Yes, students can be admitted provisionally by the department with support from their faculty sponsor and approval of the graduate committee. Under special circumstances, students who do not meet the minimum GPA requirements may be considered for admission. Students with a GPA of 2.75 to 2.99 may be granted Conditional Admission by the department. Conditional students must maintain a 3.00 cumulative grade point average on all work taken as a graduate student and a grade of B (3.0) or better in each course in the first 18 hours of graded graduate credits. A student admitted conditionally may not schedule or hold preliminary oral exams or final oral exams until they have been reclassified as regular graduate students. Reclassification is granted when the GPA conditions have been met.
Applicants with a GPA under 2.75 may be admitted on appeal to the Graduate Admissions Committee. The department will determine if they wish to support these applicants before the Graduate Admissions Committee. The Graduate Admissions Committee may consider the following additional criteria when reviewing applications from students who do not meet the minimum GPA requirement:
• GRE or GMAT scores,
• the student's undergraduate institution,
• specific courses completed at the undergraduate and graduate level, and
• letters of recommendation from major professors or current employers
What can students do to be more competitive?
Students who do not have a biological background or have a low GPA should consider taking courses as a post baccalaureate student. Courses to focus on would be statistics, ecology, general biology, chemistry, and math. A second bachelors degree isn't always needed but could be a good option if you don't have any experience in this field. If your GRE scores are low in two or more areas you should probably study and retake them. You should also consult with faculty you want to work with and see what they recommend.
How do I change the term for my Graduate School application?
If you have already applied for admission but have not registered for any classes, you may use the Change of Term form to submit a change of term. One term change within the academic year is allowed. (Example: An application originally submitted for fall 2010 can be changed to winter 2011 or spring 2011. Summer begins the new academic year.) Requesting more than one term change or term changes to new academic years requires a new application and fee.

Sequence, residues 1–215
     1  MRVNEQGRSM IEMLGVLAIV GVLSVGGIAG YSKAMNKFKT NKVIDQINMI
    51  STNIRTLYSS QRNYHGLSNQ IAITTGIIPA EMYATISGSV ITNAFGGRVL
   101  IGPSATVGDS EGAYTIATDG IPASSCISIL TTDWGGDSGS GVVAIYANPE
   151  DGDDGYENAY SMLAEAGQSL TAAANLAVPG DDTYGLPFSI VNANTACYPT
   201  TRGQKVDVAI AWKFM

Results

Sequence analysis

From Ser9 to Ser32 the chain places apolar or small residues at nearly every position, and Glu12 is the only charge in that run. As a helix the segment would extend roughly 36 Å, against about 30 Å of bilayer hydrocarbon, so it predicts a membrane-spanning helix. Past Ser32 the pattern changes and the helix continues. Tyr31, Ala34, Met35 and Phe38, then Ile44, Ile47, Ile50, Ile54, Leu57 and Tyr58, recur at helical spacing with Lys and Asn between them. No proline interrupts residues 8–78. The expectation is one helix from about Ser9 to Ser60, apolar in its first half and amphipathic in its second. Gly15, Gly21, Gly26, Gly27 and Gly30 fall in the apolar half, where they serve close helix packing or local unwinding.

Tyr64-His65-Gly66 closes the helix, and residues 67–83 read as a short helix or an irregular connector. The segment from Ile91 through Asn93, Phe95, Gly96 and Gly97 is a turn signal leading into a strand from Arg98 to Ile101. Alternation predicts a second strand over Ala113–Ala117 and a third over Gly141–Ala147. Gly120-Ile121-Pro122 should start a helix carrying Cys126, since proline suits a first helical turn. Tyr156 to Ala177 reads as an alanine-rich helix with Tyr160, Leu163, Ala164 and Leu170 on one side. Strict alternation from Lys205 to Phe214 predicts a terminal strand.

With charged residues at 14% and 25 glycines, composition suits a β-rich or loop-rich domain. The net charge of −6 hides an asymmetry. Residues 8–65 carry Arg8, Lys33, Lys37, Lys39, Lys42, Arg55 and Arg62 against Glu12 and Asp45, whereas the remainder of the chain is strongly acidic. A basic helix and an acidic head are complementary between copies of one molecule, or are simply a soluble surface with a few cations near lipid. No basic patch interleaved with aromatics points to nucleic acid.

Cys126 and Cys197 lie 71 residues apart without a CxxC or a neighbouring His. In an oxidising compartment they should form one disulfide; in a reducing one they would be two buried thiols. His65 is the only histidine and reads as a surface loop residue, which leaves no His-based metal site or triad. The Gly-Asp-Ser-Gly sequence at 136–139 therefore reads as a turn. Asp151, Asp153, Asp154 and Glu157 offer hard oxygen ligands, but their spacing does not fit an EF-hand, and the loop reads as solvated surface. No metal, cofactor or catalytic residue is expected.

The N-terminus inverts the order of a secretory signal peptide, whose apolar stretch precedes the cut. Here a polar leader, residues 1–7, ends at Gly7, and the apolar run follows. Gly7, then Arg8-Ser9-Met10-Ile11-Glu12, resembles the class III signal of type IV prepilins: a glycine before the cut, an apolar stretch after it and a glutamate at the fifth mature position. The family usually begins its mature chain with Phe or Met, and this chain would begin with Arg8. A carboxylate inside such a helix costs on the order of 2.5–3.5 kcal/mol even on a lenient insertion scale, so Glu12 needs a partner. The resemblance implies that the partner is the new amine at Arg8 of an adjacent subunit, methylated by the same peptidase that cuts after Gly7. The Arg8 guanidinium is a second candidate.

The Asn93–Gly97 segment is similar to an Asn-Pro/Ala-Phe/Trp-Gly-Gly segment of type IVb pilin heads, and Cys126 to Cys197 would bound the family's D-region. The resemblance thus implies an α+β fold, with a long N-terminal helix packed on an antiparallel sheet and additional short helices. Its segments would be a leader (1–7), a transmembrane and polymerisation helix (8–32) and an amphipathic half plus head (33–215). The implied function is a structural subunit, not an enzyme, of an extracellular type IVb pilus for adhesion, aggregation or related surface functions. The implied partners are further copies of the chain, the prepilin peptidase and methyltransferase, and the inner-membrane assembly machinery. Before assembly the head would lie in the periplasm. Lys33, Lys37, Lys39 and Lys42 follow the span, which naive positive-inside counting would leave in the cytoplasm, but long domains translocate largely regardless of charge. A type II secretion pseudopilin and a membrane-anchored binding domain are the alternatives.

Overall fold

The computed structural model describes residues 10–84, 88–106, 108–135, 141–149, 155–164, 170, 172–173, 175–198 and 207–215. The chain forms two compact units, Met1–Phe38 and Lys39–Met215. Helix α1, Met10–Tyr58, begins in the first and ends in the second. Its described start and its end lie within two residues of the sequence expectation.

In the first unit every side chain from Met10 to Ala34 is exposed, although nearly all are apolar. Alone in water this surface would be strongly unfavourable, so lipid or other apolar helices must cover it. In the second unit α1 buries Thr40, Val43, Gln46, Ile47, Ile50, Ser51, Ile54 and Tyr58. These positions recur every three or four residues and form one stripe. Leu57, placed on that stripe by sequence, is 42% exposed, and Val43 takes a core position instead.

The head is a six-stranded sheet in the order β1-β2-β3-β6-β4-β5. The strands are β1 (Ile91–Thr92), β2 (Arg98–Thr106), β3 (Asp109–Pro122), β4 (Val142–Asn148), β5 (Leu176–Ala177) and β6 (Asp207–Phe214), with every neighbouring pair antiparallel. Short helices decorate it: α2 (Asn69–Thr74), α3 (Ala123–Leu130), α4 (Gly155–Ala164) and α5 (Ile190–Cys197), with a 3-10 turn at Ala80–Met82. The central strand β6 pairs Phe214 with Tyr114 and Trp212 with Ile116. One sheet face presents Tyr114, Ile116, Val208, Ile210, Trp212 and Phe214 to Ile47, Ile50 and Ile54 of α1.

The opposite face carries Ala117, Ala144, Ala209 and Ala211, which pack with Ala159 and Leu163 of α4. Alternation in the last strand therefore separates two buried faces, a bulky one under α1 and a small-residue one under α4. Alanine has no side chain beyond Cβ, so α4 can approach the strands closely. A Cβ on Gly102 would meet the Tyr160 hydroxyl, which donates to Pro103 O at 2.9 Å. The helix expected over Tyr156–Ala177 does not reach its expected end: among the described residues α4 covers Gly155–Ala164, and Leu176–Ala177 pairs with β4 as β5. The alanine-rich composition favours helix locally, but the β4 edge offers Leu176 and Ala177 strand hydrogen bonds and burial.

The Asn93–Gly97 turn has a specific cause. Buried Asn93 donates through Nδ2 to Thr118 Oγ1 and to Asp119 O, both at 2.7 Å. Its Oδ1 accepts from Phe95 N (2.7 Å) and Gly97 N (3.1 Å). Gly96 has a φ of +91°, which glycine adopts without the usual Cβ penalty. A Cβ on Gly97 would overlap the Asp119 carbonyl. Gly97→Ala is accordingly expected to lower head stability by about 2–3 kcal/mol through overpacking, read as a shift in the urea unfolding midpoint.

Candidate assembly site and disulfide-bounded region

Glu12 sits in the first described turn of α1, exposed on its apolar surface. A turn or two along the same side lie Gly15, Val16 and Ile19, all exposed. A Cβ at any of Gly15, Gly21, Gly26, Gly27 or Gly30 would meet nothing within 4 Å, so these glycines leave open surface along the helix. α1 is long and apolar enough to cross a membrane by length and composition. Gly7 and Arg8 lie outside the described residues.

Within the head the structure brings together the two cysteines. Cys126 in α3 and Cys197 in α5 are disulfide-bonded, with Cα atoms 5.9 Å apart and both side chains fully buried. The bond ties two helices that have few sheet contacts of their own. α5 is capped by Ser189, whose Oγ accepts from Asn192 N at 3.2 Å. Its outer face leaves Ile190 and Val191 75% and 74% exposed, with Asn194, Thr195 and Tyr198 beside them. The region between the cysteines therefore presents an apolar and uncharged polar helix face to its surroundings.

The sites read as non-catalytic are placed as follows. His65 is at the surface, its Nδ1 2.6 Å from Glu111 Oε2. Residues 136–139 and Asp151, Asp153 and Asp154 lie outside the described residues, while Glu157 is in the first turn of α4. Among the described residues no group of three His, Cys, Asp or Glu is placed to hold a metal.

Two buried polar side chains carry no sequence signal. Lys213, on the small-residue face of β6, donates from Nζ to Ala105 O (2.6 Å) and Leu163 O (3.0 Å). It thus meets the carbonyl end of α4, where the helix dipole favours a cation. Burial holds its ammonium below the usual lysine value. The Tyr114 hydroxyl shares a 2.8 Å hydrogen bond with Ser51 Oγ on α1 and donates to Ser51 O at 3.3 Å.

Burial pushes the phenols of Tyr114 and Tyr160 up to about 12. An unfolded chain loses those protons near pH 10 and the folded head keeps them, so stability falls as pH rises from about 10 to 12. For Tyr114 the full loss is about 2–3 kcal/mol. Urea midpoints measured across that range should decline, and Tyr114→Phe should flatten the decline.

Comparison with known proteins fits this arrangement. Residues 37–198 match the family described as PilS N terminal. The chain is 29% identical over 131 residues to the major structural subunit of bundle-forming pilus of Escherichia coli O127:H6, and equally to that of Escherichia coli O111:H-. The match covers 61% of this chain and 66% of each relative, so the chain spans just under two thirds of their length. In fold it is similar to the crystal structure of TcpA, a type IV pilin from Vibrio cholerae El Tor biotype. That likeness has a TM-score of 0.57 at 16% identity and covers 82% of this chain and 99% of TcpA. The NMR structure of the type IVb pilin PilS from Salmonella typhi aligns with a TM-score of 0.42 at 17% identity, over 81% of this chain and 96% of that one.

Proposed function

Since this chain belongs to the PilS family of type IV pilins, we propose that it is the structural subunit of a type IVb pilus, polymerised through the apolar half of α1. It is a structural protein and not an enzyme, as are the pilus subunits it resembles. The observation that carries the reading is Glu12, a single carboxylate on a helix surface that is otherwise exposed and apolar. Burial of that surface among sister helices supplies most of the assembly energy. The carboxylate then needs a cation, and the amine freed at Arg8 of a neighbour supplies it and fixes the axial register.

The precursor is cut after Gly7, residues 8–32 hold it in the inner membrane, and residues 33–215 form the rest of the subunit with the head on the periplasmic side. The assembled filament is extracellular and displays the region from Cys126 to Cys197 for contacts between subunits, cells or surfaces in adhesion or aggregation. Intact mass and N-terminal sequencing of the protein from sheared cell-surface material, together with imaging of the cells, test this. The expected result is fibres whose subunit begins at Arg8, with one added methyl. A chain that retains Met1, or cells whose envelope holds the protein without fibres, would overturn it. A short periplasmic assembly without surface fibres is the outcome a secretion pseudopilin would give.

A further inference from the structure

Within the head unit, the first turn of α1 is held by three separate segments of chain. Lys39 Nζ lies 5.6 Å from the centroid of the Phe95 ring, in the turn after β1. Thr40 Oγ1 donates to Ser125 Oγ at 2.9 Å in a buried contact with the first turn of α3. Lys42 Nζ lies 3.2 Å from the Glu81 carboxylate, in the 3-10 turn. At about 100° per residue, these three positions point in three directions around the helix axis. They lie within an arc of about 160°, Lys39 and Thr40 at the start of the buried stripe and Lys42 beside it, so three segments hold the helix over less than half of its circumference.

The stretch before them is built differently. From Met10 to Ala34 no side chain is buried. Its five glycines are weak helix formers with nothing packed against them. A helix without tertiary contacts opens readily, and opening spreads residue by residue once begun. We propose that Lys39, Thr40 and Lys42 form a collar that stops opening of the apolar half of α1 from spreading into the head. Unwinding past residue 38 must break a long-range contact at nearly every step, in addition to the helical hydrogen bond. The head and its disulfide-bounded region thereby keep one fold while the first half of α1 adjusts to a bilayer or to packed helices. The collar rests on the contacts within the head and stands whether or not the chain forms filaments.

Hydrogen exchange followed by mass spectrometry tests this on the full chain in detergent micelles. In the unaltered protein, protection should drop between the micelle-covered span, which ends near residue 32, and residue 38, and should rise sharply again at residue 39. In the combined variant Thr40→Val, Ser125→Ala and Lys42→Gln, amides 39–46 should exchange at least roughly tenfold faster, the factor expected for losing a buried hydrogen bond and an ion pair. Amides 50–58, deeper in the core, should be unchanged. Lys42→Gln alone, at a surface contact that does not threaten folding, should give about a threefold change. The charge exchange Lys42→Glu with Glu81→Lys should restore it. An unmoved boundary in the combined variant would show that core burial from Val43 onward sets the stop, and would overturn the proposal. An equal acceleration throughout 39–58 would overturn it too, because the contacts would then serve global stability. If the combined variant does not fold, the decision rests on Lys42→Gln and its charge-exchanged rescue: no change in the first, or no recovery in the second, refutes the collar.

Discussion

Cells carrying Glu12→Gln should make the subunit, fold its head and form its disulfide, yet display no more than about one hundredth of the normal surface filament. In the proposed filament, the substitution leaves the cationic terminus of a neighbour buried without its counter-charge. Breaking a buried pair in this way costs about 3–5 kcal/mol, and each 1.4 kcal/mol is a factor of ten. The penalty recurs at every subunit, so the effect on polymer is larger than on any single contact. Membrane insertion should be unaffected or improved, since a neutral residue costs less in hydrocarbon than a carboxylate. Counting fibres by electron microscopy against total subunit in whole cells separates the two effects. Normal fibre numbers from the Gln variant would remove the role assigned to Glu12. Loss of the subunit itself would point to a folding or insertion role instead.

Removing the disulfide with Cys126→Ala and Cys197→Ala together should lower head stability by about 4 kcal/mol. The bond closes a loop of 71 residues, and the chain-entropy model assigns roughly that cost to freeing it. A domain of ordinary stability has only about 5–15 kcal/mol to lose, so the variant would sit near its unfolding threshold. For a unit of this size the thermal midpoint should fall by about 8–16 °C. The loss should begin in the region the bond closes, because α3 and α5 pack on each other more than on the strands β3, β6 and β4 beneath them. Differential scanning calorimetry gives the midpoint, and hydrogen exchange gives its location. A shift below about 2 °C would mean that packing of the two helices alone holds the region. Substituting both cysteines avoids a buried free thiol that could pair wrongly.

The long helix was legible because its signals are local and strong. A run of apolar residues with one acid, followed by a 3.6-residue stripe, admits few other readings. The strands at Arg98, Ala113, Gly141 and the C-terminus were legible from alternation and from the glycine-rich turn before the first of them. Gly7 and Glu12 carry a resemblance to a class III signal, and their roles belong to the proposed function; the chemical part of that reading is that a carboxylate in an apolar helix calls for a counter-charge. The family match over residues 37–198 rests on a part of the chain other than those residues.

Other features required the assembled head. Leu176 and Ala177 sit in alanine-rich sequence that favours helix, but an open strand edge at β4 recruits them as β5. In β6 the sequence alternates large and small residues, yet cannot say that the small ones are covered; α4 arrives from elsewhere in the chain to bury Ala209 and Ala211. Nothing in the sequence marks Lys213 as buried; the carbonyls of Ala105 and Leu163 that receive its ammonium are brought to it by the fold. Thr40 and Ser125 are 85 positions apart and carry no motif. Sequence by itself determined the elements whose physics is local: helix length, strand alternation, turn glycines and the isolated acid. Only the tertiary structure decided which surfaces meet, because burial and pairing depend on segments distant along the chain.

- Current Graduate Students
- Fisheries and Wildlife Graduate Student Guide
- Oregon State University's Graduate School Guide to Success
- Fisheries and Wildlife Grad Student Association
- What Faculty Do
- Curricula & Course Offerings
- Reserving Departmental & Seminar Rooms
- FW Jobs
Annual Graduate Student Assessment
All graduate students admitted prior to the 2016-17 academic year (i.e. prior to summer term 2016) must complete an annual evaluation of progress. (The only exceptions are for students whose defense is scheduled by the end of spring term 2017.)
Submission of your annual evaluation is required to qualify for consideration for the many scholarships and awards that our department offers. The departmental scholarship review committee is scheduled to meet in early March, and only those students who have filed their annual evaluation can enter the lists.
This is also an opportunity to review your progress with your committee and plan out your timeline for degree completion.
If you have questions about any of the graduate programs please contact the Graduate Program Coordinator.
Fisheries and Wildlife
- Research & Extension